"Within a few hours, Mr Bashir obtained a note dated 22 December 1995, signed by her which supported what he had said. I am satisfied that the Diana note is a genuine document."

Earl Spencer said in a new Panorama programme: "I have seen the content of the letter. It does not exonerate the BBC as far as I’m concerned because Diana is dealing from a position from having been lied to. She didn’t know that the whole obtaining of the interview was based on a series of falsehoods that led to her being vulnerable to this."

Lord Hall said in response to Lord Dyson’s report: "I accept that our investigation 25 years ago into how Panorama secured the interview with Princess Diana fell well short of what was required. In hindsight, there were further steps we could and should have taken following complaints about Martin Bashir’s conduct.

"I was wrong to give Martin Bashir the benefit of the doubt, basing that judgement as I did on what appeared to be deep remorse on his part."

Documents seen by Sky News show that Lord Hall was aware Mr Bashir had mocked up a bank statement using "information he had got from the highest level and made them into a graphic".

Lord Dyson’s investigation looked at whether the steps taken by Mr Bashir and the BBC were appropriate and to what extent those actions influenced Diana’s decision to take part in the interview.

The princess’s brother Earl Spencer maintained for years that Mr Bashir showed him fake financial documents relating to Diana’s former private secretary Patrick Jephson and another former royal household member.

He also said the journalist had told outlandish and untrue stories about the Royal Family to get Diana onside, including that she was being spied on by the secret services.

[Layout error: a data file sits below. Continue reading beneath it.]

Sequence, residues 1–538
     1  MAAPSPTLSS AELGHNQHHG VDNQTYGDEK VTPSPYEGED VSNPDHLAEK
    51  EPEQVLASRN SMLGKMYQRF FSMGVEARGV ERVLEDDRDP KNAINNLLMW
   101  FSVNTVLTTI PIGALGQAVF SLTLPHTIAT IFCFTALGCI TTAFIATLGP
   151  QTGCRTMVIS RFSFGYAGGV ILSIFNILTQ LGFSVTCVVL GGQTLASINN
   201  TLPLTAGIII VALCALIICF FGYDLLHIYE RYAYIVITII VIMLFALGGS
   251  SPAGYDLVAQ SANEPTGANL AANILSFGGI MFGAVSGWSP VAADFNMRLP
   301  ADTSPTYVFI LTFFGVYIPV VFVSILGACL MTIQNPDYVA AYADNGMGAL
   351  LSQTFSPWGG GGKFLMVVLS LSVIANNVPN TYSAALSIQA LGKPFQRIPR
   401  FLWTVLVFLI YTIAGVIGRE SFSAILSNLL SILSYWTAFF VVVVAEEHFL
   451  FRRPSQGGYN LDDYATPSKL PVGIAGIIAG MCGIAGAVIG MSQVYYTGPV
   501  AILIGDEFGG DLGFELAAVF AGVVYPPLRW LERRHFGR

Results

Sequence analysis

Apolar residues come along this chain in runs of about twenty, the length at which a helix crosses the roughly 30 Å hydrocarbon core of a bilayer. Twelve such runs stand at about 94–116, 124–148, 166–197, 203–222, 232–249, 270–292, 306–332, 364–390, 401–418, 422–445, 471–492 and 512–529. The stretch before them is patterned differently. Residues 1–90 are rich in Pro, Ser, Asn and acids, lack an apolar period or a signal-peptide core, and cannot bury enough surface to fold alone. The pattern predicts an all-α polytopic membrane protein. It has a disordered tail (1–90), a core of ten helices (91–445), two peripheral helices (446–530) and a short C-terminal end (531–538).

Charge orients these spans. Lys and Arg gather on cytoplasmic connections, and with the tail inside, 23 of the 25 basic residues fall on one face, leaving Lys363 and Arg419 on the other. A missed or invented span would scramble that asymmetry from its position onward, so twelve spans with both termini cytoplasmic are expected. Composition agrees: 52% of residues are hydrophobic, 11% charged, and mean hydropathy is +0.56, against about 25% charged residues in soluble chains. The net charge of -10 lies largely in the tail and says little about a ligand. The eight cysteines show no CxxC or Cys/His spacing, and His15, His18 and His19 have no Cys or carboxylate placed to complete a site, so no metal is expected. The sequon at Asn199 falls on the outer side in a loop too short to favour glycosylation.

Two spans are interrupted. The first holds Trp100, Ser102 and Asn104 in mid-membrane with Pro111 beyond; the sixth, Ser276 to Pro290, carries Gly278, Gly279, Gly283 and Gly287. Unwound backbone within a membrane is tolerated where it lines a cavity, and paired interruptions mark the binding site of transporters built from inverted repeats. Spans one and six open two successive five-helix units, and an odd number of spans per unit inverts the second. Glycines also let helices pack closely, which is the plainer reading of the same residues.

Earl Spencer shared a family photo of himself and Diana as children this morning before the report’s findings were released.

Reacting to the report, he tweeted: "I’d like to thank the TV journalist Andy Webb for his tireless professionalism in bringing the Bashir-Panorama-BBC scandal to light. If he hadn’t have pursued this story for well over a decade, and shared his findings with me last October, today’s findings wouldn’t have surfaced."

And the earl has told a new Panorama programme that the consequences of Diana’s decision to do the interview contributed to her death in a Paris car crash on 31 August 1997.

He said: "The irony is that I met Martin Bashir on 31 August 1995, because exactly two years later she died, and I do draw a line between the two events."

Lord Birt, director-general of the BBC at the time of the 1995 interview, said on Thursday: "We now know the BBC harboured a rogue reporter on Panorama who fabricated an elaborate, detailed but wholly false account of his dealings with Earl Spencer and Princess Diana."

He added: "This is a shocking blot on the BBC’s enduring commitment to honest journalism; and it is a matter of the greatest regret that it has taken 25 years for the full truth to emerge."

Diana’s son Prince William expressed support for the investigation, saying last year it should "help establish the truth behind the actions" that led to the programme.

Numerous journalists had raised questions with the BBC about how Mr Bashir secured the interview and the techniques he used, both before it was aired and five months later when a whistleblower informed the Mail on Sunday about the fake bank statement.

Leave a Comment

Your email address will not be published. Required fields are marked *

Share via
Copy link
Powered by Social Snap